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10 unique side jobs to help pay student loan debt - rock climbing instructor

Posted February 16, 2017 by

10 unique side jobs that can help pay off student loan debt

 

Robin Rectenwald has a full-time job working for WordWrite Communications a Pittsburgh, Pennsylvania public relations firm, that she absolutely loves. But that hasn’t stopped her from finding unique side jobs to help pay off her student loan debt. Rectenwald graduated from Duquesne University in 2012 with 20 different student loans and $100,000 in loan debt. Now, in 2017, she only has five loans left, and is quickly whittling down the amount she owes.

Before landing her first full-time job in 2012, Rectenwald worked part-time as a customer service representative at Gateway Clipper Fleet, a Pittsburgh sightseeing organization. She worked in the ticket and sales office, where she learned about marketing, sales and customer service – all valuable skills in her current role – and for any future opportunities. She worked for Gateway Clipper Fleet for four years, using that money to make extra payments towards her school loans. Rectenwald recently switched to a new part-time job as a customer care representative at ShowClix, a ticketing software company. For this job, she works from the comforts of her own home answering phones and responding to emails from customers looking to buy tickets to international events.

“Even though I’ve grown as a professional in the PR field and have had a number of promotions that increased my salary since starting out as an entry-level professional, I continue to work a part-time job because I’m trying to save as much money as possible,” says Rectenwald. “With this part-time income, I’ve been able to pay off several student loans and I’m currently using this extra money to pay tuition out-of-pocket for grad school.”

Rectenwald takes these part-time jobs seriously, and puts in maximum effort – something her managers have noticed. She was offered a full-time job in the marketing department at Gateway Clipper Fleet, and is writing a crisis communication plan for ShowClix as part of her grad school program.

“These part-time jobs have not only expanded my network and presented additional career opportunities, it has also given me a unique perspective on marketing and communication strategies.”

And it’s also helped her greatly reduce her student loan debt, and time it would take to pay the loans back.

That’s what Eric Hian-Cheong is also trying to accomplish. He works full-time for a public relations firm in McLean, Virginia, but also has two, unique part-time jobs. He makes $11 an hour as a part-time rock climbing instructor at a local fitness center, and also works as a second shooter/assistant to a local wedding photographer.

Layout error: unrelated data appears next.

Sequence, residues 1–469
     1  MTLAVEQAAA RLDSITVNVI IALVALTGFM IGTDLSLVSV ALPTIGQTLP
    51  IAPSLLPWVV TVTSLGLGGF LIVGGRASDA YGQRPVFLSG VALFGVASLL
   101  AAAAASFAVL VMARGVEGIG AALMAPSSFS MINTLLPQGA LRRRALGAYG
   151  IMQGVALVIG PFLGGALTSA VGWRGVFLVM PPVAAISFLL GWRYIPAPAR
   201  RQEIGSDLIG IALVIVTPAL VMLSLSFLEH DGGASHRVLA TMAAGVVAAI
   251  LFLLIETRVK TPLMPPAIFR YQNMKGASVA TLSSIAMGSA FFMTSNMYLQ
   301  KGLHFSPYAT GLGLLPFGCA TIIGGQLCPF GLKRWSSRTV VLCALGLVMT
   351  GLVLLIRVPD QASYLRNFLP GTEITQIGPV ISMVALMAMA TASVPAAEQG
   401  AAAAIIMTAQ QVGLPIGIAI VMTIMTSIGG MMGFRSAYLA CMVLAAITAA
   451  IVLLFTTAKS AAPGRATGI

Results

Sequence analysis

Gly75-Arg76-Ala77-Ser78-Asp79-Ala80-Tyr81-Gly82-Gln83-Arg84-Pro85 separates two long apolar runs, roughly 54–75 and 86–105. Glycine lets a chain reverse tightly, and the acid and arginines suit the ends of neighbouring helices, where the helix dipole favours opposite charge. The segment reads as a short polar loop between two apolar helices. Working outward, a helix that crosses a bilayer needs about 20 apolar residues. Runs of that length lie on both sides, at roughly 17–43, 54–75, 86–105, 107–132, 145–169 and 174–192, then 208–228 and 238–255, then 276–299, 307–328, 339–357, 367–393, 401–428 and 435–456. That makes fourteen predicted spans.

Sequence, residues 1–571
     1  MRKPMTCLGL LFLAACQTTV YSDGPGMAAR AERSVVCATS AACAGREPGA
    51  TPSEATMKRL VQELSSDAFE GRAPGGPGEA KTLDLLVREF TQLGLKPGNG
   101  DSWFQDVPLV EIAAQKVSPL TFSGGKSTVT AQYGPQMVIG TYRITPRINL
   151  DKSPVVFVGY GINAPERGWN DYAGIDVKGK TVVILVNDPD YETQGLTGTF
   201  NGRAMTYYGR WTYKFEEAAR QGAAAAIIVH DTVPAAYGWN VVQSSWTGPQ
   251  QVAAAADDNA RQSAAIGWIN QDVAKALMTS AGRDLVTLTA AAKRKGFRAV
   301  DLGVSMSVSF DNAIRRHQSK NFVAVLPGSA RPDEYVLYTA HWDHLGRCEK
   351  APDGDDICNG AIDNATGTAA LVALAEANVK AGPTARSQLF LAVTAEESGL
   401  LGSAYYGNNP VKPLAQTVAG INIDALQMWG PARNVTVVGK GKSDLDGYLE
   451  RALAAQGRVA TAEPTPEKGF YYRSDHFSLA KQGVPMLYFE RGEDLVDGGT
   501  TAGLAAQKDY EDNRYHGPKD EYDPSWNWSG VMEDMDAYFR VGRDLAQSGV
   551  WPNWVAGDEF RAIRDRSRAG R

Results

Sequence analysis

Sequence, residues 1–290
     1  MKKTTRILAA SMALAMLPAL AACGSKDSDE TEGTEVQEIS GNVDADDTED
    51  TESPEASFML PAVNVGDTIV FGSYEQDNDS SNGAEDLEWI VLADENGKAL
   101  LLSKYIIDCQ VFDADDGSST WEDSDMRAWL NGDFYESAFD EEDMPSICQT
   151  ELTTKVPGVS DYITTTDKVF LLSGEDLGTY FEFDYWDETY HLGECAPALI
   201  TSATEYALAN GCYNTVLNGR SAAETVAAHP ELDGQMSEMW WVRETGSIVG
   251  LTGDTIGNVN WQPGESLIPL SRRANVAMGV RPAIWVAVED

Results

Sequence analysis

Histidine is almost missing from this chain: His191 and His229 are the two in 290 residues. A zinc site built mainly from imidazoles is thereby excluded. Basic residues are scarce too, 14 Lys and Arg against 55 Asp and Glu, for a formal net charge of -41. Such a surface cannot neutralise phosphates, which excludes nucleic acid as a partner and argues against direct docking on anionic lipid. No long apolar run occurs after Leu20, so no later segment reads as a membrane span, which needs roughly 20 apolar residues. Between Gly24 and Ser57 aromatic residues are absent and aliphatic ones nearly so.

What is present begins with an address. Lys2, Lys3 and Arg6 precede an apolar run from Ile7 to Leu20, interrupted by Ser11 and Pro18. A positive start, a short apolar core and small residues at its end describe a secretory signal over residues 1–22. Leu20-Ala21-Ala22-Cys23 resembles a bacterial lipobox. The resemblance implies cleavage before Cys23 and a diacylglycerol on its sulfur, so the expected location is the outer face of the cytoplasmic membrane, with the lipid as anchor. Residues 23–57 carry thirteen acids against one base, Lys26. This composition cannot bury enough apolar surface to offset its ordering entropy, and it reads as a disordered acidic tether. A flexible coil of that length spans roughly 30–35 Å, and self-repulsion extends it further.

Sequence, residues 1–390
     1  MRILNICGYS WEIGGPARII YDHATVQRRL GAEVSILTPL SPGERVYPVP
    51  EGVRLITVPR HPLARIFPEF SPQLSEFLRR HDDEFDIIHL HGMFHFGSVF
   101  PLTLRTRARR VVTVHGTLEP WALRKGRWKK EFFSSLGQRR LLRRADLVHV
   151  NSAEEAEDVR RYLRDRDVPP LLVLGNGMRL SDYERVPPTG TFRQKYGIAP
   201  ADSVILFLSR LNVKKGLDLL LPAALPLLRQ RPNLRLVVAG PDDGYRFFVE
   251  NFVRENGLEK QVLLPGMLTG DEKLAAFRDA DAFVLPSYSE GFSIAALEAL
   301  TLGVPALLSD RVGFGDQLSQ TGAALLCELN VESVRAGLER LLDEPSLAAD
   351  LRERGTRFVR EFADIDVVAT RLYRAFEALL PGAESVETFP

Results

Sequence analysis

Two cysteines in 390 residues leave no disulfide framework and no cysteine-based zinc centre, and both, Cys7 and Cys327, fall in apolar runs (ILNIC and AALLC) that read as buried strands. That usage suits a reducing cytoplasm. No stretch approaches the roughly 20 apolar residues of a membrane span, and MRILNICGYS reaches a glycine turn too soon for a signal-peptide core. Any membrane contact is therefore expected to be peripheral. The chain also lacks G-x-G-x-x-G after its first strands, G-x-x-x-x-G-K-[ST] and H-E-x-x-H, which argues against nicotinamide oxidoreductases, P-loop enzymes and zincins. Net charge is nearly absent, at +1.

“Why limit yourself to just one other part-time job?” said Hian-Cheong.

He works up to 8 hours a weekend, and nets up to $400 a month as a rock climbing instructor – which is right around what he pays each month for his student loans. That job also provides a free gym membership – saving him another $95 a month in gym membership fees.

These jobs have helped Hian-Cheong improve his self-confidence, he says, and also provides an incredible social life outside of the 9-to-5 job.

“I have several friends whose social lives revolve around their 9-to-5, which can get a little unhealthy at times,” says Hian-Cheong.

It’s also helped him network and communicate with a wide variety, and diverse group of people, helping him develop communication, interpersonal, critical thinking, and speaking skills, as he must provide instructions, detail, and clarity, when instructing individuals and a class.

Rectenwald and Hian-Cheong are among the many recent college grads supplementing their income, and paying off student debt with the help of a unique side job. What are some other unique part-time job opportunities one can pursue to help make extra cash to pay off student loans? Consider some of these options:

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Portrait of waiter holding menus in restaurant. Photo courtesy of Shutterstock.

Posted February 14, 2017 by

Why employers covet soft skills developed working in the restaurant and retail industry

 

Note to those restaurant employees who get frustrated going to work on a Saturday night while friends are preparing for a night out on the town.

Employers understand the sacrifices you are making, and in the long run, it will pay off. Why?

Because employers covet recent college grads and entry-level job seekers who have restaurant industry experience. Sure, that doesn’t help when you feel you are missing the must-attend social event of the year (you’re really not) because you have to go to work, but it’s going to pay off when applying for that first job.

Same goes for that retail worker, who goes to class all day and closes up shop every night, or who has to pull a double shift on a Sunday when other workers call in sick (because they did go to that social event the night before).

Thousands of college students and recent college grads work restaurant jobs and retail jobs, and whether they know it or not, they are developing transferable skills that employees seek in recent college grads and entry-level job seekers.

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Posted October 21, 2016 by

10 unique career paths for college grads pursuing sport analytics careers

Group of businesspeople at work

Photo courtesy of Shutterstock.com

The interest in sport analytics careers is growing at a rapid rate. So much that Syracuse University now offers an undergraduate degree in the field of sport analytics. College Recruiter profiled Syracuse University sports economist and analytics professor Rodney Paul, and he discussed the five skills college grads should master for success in a career in sport analytics.